Vanessa Redgrave

I wonder where exactly to begin to describe, annotate and attempt a precise concise professional biography of this artist: in her own words in interview, Vanessa Redgrave is extraordinarily careful, combining one opposite with another, mulling over a minute point like a facet of crystal, employing caveats, clauses; avoiding at all cost an easy or glib answer, repudiating a shallow thought; and delopying a rare – if not unique – combination of instinct, insight and intelligence to her work.

Those qualities – amongst others – are those which set her apart as an actress; there is no other person working in any performance medium who has given more devoted and subtle attention to her work.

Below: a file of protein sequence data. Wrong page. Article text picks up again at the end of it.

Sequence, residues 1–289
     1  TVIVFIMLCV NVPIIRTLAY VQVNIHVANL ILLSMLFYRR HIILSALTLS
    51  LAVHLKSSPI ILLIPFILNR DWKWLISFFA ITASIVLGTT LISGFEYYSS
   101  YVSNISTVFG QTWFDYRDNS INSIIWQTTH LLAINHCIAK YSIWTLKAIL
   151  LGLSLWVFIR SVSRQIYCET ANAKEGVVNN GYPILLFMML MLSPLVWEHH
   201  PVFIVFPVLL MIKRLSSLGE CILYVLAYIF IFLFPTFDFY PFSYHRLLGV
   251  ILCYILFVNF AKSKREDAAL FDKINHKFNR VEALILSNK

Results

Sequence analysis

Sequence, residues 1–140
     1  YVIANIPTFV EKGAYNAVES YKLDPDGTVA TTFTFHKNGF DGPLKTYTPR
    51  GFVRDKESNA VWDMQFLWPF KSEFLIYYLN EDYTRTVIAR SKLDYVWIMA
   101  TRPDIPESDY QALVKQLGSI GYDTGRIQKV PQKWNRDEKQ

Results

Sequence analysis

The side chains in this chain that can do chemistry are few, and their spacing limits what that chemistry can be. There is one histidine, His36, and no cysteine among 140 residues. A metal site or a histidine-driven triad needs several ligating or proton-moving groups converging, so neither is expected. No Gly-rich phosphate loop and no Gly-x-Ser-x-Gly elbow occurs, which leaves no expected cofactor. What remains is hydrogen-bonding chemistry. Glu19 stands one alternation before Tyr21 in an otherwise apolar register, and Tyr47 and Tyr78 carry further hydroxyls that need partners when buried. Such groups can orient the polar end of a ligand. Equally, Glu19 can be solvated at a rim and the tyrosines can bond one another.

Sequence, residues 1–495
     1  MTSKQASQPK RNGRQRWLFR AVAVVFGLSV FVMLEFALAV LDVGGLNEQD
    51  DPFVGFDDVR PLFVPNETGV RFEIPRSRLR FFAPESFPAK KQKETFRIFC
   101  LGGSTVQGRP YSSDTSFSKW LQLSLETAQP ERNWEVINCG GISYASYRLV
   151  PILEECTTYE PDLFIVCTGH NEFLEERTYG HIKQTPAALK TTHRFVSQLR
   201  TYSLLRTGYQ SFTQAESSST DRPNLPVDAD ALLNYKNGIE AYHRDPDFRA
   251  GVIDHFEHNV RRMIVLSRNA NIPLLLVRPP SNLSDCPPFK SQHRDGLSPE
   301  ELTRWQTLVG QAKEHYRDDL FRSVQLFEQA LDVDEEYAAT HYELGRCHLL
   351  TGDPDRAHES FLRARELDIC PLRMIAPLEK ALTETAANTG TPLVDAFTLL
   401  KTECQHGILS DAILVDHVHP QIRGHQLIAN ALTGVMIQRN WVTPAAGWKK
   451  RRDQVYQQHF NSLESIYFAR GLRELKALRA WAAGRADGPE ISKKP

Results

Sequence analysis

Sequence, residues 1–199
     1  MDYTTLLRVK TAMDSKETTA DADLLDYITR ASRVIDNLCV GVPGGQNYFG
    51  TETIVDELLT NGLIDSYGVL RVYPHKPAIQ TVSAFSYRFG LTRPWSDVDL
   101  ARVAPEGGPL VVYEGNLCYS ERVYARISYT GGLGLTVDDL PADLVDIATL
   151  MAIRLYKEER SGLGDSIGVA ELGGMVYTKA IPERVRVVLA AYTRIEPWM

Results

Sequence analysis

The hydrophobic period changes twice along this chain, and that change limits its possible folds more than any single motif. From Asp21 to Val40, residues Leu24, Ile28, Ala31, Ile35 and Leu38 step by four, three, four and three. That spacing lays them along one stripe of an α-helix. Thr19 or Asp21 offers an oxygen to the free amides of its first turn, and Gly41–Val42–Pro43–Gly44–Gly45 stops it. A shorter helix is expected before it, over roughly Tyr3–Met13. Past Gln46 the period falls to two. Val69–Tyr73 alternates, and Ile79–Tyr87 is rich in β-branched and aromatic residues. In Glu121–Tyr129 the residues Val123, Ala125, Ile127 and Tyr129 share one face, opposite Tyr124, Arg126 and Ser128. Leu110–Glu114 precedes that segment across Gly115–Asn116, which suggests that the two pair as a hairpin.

Although I have been to the theatre perhaps a thousand, times, I have only seen Vanessa Redgrave on stage in two plays; the first was in Ibsen‘s “The Lady from the Sea” at the Manchester Royal Exchange Theatre in 1978 (although I saw the production five times in that run); the second was in Michael Redgrave’s adaptation of Henry James’ short novel, “The Aspern Papers” at the the Haymarket Theatre in in 1984. After both, I came out of the theatre in a daze and as though I had lost temporarily a protective layer; everything brighter, more intense, and it took an hour to begin to come down. I have never been more keenly aware of stepping into the world of another character.

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